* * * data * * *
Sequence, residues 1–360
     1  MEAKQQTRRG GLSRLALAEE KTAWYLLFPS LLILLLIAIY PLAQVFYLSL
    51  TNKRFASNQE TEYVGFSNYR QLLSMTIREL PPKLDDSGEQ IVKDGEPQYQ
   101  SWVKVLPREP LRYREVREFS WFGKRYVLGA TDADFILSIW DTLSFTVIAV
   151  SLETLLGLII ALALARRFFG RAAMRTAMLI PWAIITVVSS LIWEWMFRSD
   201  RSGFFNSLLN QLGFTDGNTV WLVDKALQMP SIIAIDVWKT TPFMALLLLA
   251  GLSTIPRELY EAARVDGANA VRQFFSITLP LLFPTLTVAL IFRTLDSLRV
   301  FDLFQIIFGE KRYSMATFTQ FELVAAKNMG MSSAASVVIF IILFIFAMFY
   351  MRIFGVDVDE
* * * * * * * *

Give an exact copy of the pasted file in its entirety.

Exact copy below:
Sequence, residues 1–360
     1  MEAKQQTRRG GLSRLALAEE KTAWYLLFPS LLILLLIAIY PLAQVFYLSL
    51  TNKRFASNQE TEYVGFSNYR QLLSMTIREL PPKLDDSGEQ IVKDGEPQYQ
   101  SWVKVLPREP LRYREVREFS WFGKRYVLGA TDADFILSIW DTLSFTVIAV
   151  SLETLLGLII ALALARRFFG RAAMRTAMLI PWAIITVVSS LIWEWMFRSD
   201  RSGFFNSLLN QLGFTDGNTV WLVDKALQMP SIIAIDVWKT TPFMALLLLA
   251  GLSTIPRELY EAARVDGANA VRQFFSITLP LLFPTLTVAL IFRTLDSLRV
   301  FDLFQIIFGE KRYSMATFTQ FELVAAKNMG MSSAASVVIF IILFIFAMFY
   351  MRIFGVDVDE